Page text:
An interesting property which once stood at the lower end of Dennis Lane close to the junction with London Road, was 'ffiddells' known in its more recent history as 'Kingsdale'. This was a fine Tudor house of 15th century vintage, and originally a Head Tenement of the Manor.
Two further habitations were passed on the right namely Belmont lodge and Elstree Cottage, and behind them were the fields and grounds around the one-time Warren House (to which reference was made in the Stanmore Hill narrative). In the first decade of this century the banker and philanthropist, Louis Bischoffshoem, entertained King Edward VII on the private golf course.
Near the top of Dennis Lane we come again, this time from a different direction, upon the area once covered by the gardens of Stanmore Hall. Not mentioned in an earlier narrative was the fact that the Hall, originally built by the Duke of Chandos, has over the years undergone much alteration, and in the 19th century was associated with Robert Holland, MP. He gained fame with a spectacular ascent from Vauxhall Gardens in the Great Nassau Balloon in 1836. In the Hall gardens was a cave and some old residents believe that Dick Turpin once hid within its dark recesses.
Moving forward in time to a date three years after VJ Day in July 1948, local residents gathered at the foot of Dennis Lane by the crossroads to watch runners in the International Olympic Games turning from London Road into Marsh Lane on their final lap back to Wembley Stadium. Another crowd at Stanmore Bakerloo Station had marvelled at the stamina of the runners as they restarted, refreshed, having been showered with water and douched with sponges of blackcurrant juice.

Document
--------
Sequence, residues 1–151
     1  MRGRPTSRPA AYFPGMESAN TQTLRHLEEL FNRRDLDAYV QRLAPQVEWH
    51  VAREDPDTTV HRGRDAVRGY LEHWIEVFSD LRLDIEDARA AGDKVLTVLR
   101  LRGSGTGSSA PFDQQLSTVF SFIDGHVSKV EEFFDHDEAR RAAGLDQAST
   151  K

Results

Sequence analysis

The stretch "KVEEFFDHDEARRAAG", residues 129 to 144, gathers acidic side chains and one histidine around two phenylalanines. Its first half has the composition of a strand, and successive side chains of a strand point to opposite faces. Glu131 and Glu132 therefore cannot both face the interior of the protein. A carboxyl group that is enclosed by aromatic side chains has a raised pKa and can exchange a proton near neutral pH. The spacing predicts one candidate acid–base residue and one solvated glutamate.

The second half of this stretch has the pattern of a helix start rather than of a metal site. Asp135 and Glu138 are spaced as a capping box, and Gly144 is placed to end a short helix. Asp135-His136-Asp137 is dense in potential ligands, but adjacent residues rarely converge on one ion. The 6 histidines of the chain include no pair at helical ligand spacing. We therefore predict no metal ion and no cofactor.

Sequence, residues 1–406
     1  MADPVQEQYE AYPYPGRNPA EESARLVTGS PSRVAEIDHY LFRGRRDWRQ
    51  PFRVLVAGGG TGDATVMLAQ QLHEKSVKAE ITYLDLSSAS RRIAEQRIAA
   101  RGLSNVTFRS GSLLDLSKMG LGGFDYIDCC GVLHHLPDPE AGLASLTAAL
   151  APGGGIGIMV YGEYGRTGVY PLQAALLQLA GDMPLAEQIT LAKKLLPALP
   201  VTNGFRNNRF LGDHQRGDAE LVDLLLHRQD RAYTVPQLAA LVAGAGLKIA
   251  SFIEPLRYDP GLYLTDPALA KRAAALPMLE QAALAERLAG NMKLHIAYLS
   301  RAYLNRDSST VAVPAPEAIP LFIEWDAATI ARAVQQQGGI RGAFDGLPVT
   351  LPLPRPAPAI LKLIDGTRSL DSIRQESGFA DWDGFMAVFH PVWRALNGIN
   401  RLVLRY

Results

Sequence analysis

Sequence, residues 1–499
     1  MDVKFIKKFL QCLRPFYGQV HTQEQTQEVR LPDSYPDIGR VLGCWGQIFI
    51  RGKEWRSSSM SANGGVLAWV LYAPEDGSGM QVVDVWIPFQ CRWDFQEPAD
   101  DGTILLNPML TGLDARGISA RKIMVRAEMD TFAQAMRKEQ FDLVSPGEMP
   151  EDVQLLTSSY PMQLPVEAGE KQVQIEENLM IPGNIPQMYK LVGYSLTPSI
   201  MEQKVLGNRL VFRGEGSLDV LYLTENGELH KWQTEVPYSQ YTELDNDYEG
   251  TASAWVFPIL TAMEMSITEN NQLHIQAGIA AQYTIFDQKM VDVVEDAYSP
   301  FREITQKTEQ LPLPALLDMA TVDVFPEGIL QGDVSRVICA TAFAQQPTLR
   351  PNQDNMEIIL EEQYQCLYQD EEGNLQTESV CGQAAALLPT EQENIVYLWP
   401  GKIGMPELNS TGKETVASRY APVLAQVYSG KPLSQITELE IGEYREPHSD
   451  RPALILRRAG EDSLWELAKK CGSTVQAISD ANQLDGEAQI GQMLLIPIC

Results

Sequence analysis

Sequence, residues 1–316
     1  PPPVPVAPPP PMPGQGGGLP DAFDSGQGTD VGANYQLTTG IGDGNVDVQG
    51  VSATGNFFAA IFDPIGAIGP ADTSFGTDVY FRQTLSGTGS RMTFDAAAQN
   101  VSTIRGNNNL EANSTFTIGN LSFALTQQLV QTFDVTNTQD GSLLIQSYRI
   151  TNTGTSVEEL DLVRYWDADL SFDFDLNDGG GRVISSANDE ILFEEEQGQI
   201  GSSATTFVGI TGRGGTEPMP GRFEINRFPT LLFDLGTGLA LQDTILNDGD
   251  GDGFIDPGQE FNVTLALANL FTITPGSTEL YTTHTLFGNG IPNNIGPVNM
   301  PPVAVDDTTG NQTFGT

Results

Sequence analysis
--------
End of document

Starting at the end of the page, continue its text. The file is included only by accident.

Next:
The ancient Britons - and no doubt the Romans - who tramped up this ancient lane two thousand years ago might well be pleasantly surprised at what they would find in the last quarter of the 20th century. The lane is still quaintly narrow - not a place to motor down at speed - but on the site of 'Kingsdale' is now a vast, newly-built complex of modern flats. On the ascent one encounters a variety of residences, mostly large houses and bungalows with various cul-de-sacs leading to modern property developments. The old Hall Farm area has disappeared under one such Close bearing the farm name.
Past the half-way mark the houses on the right give way to a fenced-in spinney which - at night particularly - still retains an element of mystery and suspense where, but for the brilliantly lit houses on the other side of the road, one can still imagine Dick Turpin springing out from the shadows with his frightening command of 'Stand and Deliver'.
Our narratives continually remind the reader of the bygone delights of Harrow when it was almost entirely rural - and perhaps one is inclined to yearn for a return of those days. But a quiet Sunday stroll along highways such as Dennis Lane encourage one to be thankful that, in some places at least, the distant past of Stanmore emerges with its haunting appeal and beauty.